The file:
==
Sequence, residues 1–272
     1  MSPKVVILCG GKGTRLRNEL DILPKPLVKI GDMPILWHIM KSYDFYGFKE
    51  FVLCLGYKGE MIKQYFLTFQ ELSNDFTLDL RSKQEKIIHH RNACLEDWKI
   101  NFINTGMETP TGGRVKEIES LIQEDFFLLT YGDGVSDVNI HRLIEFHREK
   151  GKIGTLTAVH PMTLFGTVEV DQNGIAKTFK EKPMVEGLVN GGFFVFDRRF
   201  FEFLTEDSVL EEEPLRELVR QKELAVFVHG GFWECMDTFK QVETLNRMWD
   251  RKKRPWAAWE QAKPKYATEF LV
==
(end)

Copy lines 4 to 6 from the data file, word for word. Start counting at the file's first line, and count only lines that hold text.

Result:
   101  NFINTGMETP TGGRVKEIES LIQEDFFLLT YGDGVSDVNI HRLIEFHREK
   151  GKIGTLTAVH PMTLFGTVEV DQNGIAKTFK EKPMVEGLVN GGFFVFDRRF
   201  FEFLTEDSVL EEEPLRELVR QKELAVFVHG GFWECMDTFK QVETLNRMWD